Your diet and your hormones
Much research continues to be done around the role of diet in balancing hormone levels. Studies have found that common hormone-related issues, such as diabetes and polycystic ovarian syndrome (PCOS), can be improved through healthy eating and weight management. There is moderate evidence that adhering to a Mediterranean-style diet including lean meat, fish and proteins, vegetables and fruit, olive oil and other healthy fats, and cutting out processed food, can help to prevent obesity and decrease the incidence of some hormone-related disorders and their symptom severity. In addition, omega-3 fatty acids provide the starting point for the production of hormones that control several essential body functions and these fats can be found in foods such as oily fish and flaxseed oil.
Research suggests that maintaining a healthy weight can help improve hormone-related issues. You can start by:
Moderating your food choices, where you may consider smaller serving sizes or a daily balance of high versus lower-calorie foods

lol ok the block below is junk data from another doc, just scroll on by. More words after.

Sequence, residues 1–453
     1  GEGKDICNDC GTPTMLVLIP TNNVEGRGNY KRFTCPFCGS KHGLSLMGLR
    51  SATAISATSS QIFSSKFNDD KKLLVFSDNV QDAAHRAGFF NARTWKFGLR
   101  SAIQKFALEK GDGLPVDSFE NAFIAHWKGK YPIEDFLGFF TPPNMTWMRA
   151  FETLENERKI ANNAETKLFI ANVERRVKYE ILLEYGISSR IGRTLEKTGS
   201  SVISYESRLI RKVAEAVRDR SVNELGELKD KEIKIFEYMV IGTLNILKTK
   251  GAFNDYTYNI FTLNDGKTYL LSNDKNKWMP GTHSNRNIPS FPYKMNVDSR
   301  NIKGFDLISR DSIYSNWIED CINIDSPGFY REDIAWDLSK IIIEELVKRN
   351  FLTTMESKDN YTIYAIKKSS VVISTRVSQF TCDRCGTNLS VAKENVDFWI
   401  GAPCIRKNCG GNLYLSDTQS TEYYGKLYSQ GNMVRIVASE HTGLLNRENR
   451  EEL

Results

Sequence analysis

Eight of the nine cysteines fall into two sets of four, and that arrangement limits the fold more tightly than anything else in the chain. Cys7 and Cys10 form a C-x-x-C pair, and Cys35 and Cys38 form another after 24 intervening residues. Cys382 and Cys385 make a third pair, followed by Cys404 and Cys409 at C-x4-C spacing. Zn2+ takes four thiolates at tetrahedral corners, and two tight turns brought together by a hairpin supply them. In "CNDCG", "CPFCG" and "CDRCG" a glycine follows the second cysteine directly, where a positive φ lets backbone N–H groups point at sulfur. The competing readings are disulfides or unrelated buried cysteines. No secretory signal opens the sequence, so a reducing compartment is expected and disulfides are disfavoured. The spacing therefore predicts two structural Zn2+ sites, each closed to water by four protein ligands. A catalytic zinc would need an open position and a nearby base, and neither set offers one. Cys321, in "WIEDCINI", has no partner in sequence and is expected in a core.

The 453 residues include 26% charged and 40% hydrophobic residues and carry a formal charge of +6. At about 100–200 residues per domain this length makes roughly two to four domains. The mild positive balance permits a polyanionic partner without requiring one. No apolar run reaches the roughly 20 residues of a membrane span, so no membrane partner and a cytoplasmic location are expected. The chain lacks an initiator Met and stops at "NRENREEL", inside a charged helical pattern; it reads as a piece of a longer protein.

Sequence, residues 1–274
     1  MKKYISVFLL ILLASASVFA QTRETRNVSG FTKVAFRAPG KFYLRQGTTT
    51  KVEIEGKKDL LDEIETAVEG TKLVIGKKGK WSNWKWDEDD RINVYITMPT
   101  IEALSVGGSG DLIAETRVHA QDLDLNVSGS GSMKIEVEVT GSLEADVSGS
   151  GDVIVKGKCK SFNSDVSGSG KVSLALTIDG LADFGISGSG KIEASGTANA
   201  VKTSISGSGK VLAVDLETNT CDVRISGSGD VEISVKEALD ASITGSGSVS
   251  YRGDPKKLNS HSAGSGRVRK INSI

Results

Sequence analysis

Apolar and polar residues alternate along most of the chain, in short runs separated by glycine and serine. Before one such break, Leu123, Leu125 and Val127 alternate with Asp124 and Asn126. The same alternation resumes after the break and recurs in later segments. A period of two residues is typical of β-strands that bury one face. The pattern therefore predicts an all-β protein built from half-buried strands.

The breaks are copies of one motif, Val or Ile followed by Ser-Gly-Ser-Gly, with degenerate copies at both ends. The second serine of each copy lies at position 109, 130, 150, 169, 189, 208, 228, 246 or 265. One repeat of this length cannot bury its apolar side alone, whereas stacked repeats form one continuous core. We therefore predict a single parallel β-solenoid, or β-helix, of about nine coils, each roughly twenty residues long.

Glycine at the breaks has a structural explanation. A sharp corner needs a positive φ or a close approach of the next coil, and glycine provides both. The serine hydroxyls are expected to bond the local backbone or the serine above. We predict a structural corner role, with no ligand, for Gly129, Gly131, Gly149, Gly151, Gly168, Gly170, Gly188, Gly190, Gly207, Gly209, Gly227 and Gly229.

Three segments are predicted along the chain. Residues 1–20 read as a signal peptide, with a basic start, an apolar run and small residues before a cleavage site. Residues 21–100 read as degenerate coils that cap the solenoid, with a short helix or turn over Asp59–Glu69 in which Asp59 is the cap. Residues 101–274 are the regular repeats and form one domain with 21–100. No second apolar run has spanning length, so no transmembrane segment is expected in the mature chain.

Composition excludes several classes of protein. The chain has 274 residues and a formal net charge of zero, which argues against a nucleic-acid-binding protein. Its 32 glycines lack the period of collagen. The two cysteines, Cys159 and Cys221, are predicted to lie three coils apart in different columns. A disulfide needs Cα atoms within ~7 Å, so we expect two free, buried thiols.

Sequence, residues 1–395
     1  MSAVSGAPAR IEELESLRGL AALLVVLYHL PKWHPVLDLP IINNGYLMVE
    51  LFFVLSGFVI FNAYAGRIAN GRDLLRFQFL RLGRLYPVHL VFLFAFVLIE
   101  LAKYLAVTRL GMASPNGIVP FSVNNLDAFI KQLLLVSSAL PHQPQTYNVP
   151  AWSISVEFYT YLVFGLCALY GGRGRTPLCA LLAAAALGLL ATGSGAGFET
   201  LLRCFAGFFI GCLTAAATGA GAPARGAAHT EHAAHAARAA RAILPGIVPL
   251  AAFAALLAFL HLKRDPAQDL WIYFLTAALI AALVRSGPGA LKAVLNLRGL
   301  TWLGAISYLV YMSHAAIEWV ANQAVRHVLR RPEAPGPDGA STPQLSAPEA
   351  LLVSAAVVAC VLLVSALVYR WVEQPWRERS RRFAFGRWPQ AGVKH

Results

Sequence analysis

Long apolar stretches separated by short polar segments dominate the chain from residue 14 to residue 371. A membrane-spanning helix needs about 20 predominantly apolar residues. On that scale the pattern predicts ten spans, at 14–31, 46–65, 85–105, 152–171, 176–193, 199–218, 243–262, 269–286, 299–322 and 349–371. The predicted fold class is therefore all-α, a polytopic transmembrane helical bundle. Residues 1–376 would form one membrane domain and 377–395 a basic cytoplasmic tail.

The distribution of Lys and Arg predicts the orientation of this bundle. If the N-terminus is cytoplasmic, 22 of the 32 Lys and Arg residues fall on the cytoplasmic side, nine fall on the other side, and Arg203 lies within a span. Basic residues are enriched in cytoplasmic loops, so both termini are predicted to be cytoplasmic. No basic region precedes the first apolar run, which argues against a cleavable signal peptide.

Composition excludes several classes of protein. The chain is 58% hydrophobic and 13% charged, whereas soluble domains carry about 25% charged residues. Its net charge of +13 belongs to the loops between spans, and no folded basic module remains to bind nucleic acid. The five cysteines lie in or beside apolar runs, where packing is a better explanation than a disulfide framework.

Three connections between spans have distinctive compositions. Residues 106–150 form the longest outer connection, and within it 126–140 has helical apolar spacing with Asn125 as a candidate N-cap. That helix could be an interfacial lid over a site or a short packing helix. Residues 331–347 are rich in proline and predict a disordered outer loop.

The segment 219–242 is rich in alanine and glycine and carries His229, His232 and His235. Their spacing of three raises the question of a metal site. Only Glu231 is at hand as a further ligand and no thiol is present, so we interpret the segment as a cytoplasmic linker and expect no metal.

Choosing foods prepared with less fat such as soup-based dishes, choosing lean meats and removing visible fat from meats, and choosing plain over flavoured rice or noodles
Limiting your intake of refined sugar by choosing plain instead of sugary beverages, or asking for less sugar in desserts
Increasing fibre by choosing wholegrains, aiming for 2 servings of fresh fruit and vegetables daily
In essence, consuming fresh and wholesome foods will always have positive benefits for your body. Do not hesitate to seek out the advice of a dietitian to help you to balance your hormones and improve your overall well-being.
Other treatments for a hormone imbalance
Depending on the cause of the problem, your doctor may offer you:
Hormone therapy, such as oestrogen or testosterone therapy
The contraceptive pill
Prescription creams such as oestrogen